The U.S. Energy Information Administration is forecasting that the price of crude oil will remain above $100 this year and that U.S. crude oil production will average 11.9 million barrels per day in 2022 and more than 12.8 million bpd in 2023, surpassing the average annual record of 12.3 million bpd from 2019.
The agency continues to stress the uncertainty in its forecasts, something it emphasized in releasing its May Short-Term Energy Outlook on May 10.
“A high level of uncertainty remains in our outlooks,” said EIA Administrator Joe DeCarolis, “but we have consistently forecast that elevated crude oil prices would help drive record-level annual U.S. oil production levels in 2023. Low global oil inventories coupled with continued high demand for gasoline, diesel, and other petroleum products means that increased production likely won’t have much impact on prices in the short term.”
Other highlights of the May forecast include an increase in the amount of U.S. electricity generation coming from solar and wind power this summer, 11.1% compared to 9.6% last summer.
“High natural gas prices, limited coal supply, the increased solar and wind capacity mean that renewables should play a larger role in the U.S. electricity mix this summer and throughout the year,” DeCarolis said.
The price of Henry Hub natural gas is also of note - forecast to average $8.59 per million British thermal units in the second half of the year, up 88% from the second half of 2021. EIA said this is a significant revision from previous forecasts, largely because it has “updated its power generation modeling to better account for evolving constraints in the coal market.”
EIA’s forecast for coal production is a 3% increase for 2022 from 2021, compared to a 7% increase in the April forecast, and part of the reason the agency is forecasting higher natural gas prices.
“Currently low coal supplies and limited capacity to increase domestic coal production mean that natural gas will remain in high demand for electricity generation, contributing to the higher natural gas prices in our forecast,” DeCarolis said.
Brent crudeEIA said Brent crude averaged $105 per barrel in April, down $13 per barrel from March, but still above $100 per barrel following Russia’s full-scale invasion of Ukraine.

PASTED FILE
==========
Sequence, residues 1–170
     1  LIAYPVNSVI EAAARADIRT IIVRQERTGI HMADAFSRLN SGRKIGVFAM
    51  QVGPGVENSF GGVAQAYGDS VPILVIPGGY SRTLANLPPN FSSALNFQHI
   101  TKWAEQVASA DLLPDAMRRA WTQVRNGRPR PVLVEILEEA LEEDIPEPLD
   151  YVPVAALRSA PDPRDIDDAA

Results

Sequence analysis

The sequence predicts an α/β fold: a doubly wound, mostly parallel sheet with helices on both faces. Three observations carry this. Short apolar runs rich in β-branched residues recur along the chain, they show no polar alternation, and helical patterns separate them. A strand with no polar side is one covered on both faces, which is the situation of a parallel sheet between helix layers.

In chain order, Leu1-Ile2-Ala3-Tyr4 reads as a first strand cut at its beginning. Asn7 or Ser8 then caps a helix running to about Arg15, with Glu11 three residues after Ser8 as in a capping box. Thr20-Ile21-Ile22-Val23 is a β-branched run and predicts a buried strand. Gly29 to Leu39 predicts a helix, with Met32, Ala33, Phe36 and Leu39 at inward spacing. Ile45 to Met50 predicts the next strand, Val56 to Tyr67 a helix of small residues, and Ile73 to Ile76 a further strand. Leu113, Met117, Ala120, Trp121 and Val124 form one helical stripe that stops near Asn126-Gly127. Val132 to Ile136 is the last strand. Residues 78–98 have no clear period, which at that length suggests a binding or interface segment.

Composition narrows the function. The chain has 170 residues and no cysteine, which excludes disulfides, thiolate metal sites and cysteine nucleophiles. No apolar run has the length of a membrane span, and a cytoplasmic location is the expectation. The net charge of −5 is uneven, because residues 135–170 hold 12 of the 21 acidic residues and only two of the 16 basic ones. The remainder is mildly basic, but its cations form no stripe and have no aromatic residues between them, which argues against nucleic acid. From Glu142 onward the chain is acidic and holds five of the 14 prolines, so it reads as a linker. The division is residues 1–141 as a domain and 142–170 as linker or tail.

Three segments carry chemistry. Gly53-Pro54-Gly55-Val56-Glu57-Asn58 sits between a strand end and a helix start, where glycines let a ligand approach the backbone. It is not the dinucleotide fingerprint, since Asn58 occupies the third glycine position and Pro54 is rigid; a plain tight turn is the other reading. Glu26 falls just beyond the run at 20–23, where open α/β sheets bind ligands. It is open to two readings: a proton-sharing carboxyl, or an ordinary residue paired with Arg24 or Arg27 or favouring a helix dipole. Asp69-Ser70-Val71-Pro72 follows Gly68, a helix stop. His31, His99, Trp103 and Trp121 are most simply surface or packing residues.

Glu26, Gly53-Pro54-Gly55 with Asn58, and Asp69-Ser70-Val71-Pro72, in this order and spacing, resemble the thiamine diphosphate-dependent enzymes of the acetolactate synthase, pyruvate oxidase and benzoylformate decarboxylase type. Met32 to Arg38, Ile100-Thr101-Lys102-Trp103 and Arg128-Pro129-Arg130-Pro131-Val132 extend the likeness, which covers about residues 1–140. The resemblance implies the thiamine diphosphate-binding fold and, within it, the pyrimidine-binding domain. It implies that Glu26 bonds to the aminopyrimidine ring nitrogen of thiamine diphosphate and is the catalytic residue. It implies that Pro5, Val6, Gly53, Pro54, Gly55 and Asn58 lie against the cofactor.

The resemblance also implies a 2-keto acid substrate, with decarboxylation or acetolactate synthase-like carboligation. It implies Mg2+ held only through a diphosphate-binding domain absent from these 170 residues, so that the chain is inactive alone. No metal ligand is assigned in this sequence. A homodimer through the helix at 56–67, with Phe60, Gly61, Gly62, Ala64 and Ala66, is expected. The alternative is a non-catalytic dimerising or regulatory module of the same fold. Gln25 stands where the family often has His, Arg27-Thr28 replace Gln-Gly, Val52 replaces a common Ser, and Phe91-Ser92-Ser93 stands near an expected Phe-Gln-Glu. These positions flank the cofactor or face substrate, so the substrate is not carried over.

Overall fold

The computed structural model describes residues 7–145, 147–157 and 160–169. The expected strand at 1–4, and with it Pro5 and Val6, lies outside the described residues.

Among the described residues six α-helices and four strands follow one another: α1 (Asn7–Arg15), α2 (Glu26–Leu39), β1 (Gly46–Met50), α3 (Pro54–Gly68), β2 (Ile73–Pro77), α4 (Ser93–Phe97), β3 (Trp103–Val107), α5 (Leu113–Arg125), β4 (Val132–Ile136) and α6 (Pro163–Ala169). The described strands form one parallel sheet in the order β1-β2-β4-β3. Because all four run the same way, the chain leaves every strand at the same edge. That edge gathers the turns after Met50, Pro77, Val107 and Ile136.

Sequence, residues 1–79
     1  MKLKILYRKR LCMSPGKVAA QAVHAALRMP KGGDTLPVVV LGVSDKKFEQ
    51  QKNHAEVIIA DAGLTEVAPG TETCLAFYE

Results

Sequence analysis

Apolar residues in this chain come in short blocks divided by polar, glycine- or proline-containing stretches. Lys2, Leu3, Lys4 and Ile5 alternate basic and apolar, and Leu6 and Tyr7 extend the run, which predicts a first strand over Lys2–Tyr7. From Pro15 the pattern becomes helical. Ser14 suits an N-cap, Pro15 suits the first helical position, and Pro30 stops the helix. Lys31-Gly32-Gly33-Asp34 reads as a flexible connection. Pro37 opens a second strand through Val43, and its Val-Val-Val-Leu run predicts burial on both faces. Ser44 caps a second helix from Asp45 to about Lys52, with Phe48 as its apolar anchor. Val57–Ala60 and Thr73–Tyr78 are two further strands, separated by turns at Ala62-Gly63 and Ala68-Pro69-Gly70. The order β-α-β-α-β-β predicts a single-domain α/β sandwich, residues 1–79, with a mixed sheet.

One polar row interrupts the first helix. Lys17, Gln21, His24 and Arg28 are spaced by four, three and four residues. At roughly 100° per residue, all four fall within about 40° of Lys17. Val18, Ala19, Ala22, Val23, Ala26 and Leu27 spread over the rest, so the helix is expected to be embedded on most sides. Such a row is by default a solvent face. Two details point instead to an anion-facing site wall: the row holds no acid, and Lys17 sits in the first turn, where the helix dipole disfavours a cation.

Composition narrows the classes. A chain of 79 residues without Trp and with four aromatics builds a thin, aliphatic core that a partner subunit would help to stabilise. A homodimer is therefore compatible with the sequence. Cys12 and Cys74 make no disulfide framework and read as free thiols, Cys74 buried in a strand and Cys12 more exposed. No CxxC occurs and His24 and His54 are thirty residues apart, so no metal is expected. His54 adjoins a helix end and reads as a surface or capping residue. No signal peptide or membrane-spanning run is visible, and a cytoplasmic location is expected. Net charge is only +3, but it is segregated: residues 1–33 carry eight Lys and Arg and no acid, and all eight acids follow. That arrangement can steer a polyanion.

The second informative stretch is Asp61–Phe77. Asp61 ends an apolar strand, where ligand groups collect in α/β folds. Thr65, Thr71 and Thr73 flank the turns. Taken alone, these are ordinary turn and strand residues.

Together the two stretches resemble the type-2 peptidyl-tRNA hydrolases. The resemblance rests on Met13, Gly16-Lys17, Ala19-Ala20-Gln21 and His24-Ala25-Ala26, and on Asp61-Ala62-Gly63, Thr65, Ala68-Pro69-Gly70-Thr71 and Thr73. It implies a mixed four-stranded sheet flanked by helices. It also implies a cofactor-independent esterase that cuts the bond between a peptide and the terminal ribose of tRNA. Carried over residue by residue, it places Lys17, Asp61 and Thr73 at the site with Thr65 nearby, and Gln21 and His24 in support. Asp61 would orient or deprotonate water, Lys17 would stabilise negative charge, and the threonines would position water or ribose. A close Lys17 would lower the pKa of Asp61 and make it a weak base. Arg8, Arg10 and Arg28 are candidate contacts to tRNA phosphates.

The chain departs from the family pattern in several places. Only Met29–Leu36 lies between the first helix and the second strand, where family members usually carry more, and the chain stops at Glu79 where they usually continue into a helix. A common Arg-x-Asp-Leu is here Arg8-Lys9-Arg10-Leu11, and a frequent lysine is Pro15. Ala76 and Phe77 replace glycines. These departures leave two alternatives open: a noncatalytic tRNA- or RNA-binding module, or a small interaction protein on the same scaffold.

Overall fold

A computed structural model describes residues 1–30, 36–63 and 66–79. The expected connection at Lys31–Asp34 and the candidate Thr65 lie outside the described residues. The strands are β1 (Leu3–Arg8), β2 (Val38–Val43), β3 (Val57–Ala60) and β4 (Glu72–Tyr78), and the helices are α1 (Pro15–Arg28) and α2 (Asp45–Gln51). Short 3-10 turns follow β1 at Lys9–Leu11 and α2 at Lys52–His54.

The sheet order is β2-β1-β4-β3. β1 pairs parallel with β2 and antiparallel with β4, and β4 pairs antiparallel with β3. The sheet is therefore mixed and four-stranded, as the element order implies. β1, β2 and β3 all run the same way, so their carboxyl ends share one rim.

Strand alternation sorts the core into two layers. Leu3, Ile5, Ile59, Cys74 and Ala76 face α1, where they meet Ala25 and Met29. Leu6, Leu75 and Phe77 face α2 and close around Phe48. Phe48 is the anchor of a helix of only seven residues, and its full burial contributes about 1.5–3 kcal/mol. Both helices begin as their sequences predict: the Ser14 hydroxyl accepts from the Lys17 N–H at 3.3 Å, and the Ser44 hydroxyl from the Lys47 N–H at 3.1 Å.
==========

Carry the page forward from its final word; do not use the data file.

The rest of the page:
Sanctions on Russia and independent corporate actions contributed to falling oil production in Russia “and continue to create significant market uncertainties about the potential for further oil supply disruptions,” events occurring against what EIA said is a backdrop of low oil inventories and upward price pressures.
The agency expects Brent to average $107 per barrel in the second quarter of this year and $103 in the second half of the year, falling to an average of $97 per barrel in 2023.
U.S. crude production is forecast to average 11.9 million bpd this year, up 0.7 million bpd from 2021, and forecast to average more than 12.8 million bpd in 2023, surpassing the previous 12.3 million bpd record set in 2019.
Natural gasThe Henry Hub natural gas spot price averaged $6.59 per million Btu in April, up from a March average of $4.90 and well above the April 2021 average of $2.66 per million Btu.
EIA said it expects Henry Hub to average $7.83 per million Btu in the second quarter and to average $8.59 in the second half of the year, reflecting an expectation that natural gas storage levels will remain lower than the five-year average this summer.
“Lower-than-average storage levels partly result from limited opportunities for natural gas-to-coal switching for power generation, which we forecast will keep the demand for natural gas for power generation high despite high prices,” the agency said.
If summer temperatures are hotter than expected and electricity demand is greater, the price of natural gas could rise significantly above forecast levels.
EIA also expects U.S. liquefied natural gas exports will remain high during the summer.
It forecasts a drop in Henry Hub to $4.74 per million Btu in 2023, reflecting the agency’s “expectation that the rate of natural gas production will increase next year while LNG export and demand growth slow, contributing to higher storage levels in 2023 than in 2022.”
LNGU.S. LNG exports averaged 11.6 billion cubic feet per day in April, slightly below the peak of almost 12 bcf per day set in March, and exports are forecast to average 12.1 bcf per day from May through August. EIA said this is slightly lower than its previous forecast and “reflects our assumption of slightly lower LNG demand in Asia and Europe this summer compared with our previous assumption, in part because of sustained high natural gas prices.”
U.S. LNG exports are forecast to average 12 bcf per day this year, up 23% from 2021.
EIA said LNG export growth in recent years has been driven by capacity expansions, but the agency said it does not expect any new export facilities to come online in the forecast period and expects LNG export growth to slow to 5% in 2023, with exports averaging 12.6 bcf per day for the year.